Is Paid Search Worthless?
ADOTAS – There’s been some new stories recently about a report eBay did last year claiming that paid search for large brands was pretty much worthless. Many of these stories are focused on the fact that online advertising is not living up to its promise. Obviously this caught my eye because I oversaw digital marketing for eBay – a team of over 300 people back in the day when we built our own systems. This was a question we constantly studied in a number of different ways during my 5 year tenure in the role. We even tested it more explicitly by completing turning off Google for over 10 days during eBay live back in 2007.
This quote stood out from the study: “We ﬁnd that SEM accounted for a statistically signiﬁcant increase in new registered users and purchases made by users who bought only one or two items the year before. For consumers who bought more frequently, SEM does not have a signiﬁcant effect on their purchasing behavior. We calculate that the short-term returns on investment for SEM were negative because more frequent eBay shoppers are accountable for most of paid search sales.”
It is important to keep in mind every advertiser on paid search is not like eBay. In fact, very few businesses in the world enjoy the brand awareness and penetration eBay does. However, there are two other factors to keep in mind when looking at this data.
1. The importance of understanding user acquisition and CLV. Too often search marketers get the value of the transaction and not on the value of the acquired user. Notice the part of the statement above that discusses new users. It is important to understand that paid search is a great acquisition channel. When considering the ROI of your advertising spend it is important to attribute some percentage of the Customer Lifetime Value to the acquisition channel. We did that very early on at eBay and it had a large impact on our ROI. This was the right move. However, a company the size of eBay has less Americans to acquire and more of the paid search activity becomes retention related. It is at this point that pure transaction value may not meet certain ROI hurdles when compared to other channels.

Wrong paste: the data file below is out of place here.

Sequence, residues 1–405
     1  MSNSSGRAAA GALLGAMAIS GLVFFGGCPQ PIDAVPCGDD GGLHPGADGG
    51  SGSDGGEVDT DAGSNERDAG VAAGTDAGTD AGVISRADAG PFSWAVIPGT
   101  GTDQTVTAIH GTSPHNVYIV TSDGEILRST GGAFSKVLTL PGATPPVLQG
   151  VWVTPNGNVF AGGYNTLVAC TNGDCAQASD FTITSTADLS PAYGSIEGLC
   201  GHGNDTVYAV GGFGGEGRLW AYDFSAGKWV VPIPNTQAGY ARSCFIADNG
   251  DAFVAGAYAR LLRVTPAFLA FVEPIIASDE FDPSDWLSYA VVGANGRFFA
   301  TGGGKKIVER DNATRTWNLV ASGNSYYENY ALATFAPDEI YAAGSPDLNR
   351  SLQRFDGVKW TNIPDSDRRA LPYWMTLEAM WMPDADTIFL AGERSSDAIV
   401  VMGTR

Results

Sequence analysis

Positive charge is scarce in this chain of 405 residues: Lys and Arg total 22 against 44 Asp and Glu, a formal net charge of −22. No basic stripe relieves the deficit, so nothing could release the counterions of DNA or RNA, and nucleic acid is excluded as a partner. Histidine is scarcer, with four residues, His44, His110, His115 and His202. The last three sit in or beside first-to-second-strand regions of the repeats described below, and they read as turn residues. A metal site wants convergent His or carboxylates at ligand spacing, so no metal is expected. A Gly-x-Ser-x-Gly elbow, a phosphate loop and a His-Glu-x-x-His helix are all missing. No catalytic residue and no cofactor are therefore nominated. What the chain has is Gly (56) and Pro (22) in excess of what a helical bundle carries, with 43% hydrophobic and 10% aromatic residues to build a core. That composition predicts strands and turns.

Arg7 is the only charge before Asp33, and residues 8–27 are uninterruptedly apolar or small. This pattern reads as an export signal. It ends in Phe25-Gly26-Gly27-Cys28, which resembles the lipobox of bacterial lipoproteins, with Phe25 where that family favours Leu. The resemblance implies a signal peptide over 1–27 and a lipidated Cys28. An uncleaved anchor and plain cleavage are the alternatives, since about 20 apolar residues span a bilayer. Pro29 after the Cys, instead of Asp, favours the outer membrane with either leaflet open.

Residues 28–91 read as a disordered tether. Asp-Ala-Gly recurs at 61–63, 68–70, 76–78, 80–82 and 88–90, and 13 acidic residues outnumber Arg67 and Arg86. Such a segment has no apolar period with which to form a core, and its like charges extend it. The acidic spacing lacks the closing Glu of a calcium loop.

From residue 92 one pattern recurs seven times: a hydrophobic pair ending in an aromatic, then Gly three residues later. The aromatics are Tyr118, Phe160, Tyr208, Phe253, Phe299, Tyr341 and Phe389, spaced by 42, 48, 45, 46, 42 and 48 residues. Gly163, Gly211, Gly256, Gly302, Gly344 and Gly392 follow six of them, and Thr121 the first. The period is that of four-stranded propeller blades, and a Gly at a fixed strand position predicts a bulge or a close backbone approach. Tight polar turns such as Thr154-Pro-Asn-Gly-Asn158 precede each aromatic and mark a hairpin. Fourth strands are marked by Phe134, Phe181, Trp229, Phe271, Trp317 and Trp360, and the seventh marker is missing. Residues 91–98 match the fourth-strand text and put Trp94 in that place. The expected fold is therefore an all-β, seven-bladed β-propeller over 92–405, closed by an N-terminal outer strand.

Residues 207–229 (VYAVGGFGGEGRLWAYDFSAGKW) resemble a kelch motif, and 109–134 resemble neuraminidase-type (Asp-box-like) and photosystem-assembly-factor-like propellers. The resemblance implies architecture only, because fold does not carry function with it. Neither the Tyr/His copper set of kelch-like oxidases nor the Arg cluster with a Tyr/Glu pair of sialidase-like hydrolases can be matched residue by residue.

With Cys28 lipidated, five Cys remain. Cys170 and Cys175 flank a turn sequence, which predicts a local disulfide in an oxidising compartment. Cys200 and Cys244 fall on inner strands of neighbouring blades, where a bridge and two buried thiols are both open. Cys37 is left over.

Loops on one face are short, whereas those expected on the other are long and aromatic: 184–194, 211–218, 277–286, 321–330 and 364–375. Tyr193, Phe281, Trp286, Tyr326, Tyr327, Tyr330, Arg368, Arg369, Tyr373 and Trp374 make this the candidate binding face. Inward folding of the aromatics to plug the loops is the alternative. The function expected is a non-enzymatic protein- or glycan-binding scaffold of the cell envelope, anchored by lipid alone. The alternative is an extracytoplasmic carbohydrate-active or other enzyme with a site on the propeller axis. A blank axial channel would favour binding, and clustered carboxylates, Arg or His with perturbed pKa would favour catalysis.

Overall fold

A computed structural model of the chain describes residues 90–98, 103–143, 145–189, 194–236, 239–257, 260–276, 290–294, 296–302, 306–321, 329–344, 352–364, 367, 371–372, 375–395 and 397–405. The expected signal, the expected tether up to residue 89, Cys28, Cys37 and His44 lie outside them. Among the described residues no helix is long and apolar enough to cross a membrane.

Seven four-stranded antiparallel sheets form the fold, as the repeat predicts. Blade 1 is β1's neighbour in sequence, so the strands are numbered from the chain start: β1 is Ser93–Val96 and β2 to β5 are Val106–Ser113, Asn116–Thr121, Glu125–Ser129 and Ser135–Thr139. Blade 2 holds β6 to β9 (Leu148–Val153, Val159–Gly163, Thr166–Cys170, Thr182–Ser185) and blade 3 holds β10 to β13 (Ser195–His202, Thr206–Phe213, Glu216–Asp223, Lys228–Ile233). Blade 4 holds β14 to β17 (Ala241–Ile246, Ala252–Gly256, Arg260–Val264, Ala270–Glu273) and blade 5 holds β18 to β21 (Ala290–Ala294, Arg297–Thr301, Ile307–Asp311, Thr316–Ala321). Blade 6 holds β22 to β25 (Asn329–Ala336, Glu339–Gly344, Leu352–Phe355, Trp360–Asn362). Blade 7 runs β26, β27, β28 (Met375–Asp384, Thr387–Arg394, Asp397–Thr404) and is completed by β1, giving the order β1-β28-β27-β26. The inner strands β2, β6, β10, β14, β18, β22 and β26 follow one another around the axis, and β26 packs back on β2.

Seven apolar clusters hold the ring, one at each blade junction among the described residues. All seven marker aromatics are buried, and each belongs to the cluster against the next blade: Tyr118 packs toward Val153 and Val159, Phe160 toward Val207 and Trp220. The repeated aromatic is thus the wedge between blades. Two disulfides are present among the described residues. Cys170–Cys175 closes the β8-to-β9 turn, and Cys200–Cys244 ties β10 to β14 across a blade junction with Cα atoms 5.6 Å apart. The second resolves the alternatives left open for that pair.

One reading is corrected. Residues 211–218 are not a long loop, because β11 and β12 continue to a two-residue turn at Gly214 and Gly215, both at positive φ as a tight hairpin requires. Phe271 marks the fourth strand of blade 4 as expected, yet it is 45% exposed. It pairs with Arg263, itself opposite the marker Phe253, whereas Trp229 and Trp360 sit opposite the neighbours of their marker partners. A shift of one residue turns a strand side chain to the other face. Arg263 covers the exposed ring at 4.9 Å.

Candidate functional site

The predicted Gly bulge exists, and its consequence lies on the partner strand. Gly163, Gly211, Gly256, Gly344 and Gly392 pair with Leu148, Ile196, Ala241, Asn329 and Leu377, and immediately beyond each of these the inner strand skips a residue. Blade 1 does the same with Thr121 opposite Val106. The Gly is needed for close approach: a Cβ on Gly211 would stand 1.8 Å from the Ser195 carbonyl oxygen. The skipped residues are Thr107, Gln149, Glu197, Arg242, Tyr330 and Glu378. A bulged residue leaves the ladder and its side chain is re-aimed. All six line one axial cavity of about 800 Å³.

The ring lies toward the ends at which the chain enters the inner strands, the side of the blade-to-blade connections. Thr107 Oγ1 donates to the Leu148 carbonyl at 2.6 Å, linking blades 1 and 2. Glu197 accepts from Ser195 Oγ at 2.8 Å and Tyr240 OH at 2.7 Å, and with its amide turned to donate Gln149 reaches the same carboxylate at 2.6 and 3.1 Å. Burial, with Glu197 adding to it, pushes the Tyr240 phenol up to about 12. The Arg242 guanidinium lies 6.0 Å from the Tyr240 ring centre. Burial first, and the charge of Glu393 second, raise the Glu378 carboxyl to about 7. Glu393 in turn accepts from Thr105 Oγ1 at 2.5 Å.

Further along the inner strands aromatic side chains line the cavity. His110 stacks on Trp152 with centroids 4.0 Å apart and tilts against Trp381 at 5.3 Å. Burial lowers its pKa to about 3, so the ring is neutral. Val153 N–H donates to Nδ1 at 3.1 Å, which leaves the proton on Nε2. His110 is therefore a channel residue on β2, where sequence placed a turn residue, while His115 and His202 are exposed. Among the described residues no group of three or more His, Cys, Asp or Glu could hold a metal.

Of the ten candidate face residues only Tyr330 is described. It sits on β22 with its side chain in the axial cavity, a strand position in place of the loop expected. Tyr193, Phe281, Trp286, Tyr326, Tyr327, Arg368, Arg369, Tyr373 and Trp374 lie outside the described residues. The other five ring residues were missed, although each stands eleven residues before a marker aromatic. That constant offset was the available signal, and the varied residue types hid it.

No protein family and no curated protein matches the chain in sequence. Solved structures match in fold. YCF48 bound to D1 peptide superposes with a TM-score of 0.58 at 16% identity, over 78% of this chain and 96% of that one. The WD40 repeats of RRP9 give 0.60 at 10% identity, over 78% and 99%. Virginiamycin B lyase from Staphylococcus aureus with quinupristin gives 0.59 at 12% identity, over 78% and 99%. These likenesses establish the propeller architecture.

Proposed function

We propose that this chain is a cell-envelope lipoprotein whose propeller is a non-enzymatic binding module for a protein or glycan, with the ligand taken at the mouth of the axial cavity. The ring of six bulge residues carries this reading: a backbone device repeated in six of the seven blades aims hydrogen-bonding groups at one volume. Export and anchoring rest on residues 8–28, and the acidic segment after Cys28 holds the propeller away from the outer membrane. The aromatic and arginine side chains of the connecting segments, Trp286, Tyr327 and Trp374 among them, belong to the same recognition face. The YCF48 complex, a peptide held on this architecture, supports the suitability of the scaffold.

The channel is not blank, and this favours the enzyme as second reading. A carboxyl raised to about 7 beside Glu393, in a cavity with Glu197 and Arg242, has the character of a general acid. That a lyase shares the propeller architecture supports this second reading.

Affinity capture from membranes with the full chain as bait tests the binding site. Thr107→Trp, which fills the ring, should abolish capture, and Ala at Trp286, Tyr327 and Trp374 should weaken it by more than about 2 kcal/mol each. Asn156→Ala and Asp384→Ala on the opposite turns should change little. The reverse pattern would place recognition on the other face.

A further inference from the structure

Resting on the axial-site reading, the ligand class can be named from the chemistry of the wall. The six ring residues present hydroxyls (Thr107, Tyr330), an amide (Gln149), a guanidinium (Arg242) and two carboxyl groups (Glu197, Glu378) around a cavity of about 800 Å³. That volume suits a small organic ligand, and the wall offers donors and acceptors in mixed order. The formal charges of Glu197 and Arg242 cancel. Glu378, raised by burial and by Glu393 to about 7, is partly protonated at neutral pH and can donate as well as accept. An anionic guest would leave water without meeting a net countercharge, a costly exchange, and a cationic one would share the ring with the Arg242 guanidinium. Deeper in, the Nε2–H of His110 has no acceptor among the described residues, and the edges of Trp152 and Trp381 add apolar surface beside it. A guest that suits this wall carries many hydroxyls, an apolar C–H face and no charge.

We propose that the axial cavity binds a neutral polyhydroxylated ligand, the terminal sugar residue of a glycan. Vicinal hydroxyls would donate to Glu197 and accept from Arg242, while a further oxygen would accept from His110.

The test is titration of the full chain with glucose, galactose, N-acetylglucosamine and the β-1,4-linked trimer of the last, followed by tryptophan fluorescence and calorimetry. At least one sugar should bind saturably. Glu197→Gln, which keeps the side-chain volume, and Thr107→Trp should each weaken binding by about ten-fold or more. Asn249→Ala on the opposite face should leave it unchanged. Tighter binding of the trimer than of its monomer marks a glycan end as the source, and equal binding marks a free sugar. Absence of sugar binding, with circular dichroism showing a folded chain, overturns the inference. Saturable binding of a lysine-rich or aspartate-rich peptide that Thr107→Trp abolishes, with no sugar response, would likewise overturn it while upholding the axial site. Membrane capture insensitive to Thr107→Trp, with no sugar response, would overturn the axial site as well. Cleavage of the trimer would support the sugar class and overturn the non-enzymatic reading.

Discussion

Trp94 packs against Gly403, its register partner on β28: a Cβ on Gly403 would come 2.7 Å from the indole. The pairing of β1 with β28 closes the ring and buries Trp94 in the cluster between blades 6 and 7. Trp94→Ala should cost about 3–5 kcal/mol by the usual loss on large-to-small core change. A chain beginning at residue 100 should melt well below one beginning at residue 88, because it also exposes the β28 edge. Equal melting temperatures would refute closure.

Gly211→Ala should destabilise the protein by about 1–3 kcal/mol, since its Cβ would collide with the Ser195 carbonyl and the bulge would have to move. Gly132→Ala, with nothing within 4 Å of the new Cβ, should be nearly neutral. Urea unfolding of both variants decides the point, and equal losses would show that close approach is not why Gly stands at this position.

2. Search now has a way to solve the retention vs. acquisition problem. With the recent introduction of Audience buying in search through Google’s RLSA feature, this problem can now be solved. Google and companies like Marin allow you to create audience segments for search and adjust bidding and creative appropriately. In the case mentioned above, create a segment for “frequent ebay shoppers” and bid appropriately. We have customers at Marin who create segments for loyal users and choose to bid them down in search knowing that they will find their site directly or through some other organic channel like SEO. This approach can be applied rather simply to brand terms and then you can expand it from there. I know eBay has the capability to identify these users very easily. If you don’t want to risk abandoning your brand terms for fear of competition, you might want to change the creative to take advantage of an upsell opportunity. In the case of eBay, I know the CLV of an eBay user increases when they buy in more than one category. You could go so far as segment frequent users per category and only show them ads when they are looking for something outside of their normal category of purchase. There are many ways to break down this challenge to drive more efficiency in your advertising spend.
Back to the promise of online advertising: It’s alive and well. The same tools and techniques that made search advertising such a promising medium have been transferred to other channels. Advertisers now have the ability to combine the intent data of search with the audience data from various sources to move us closer to the goal of true personalization in advertising. While we don’t quite have the ability to fully solve Wanamaker’s conundrum, I feel we are getting closer every day.
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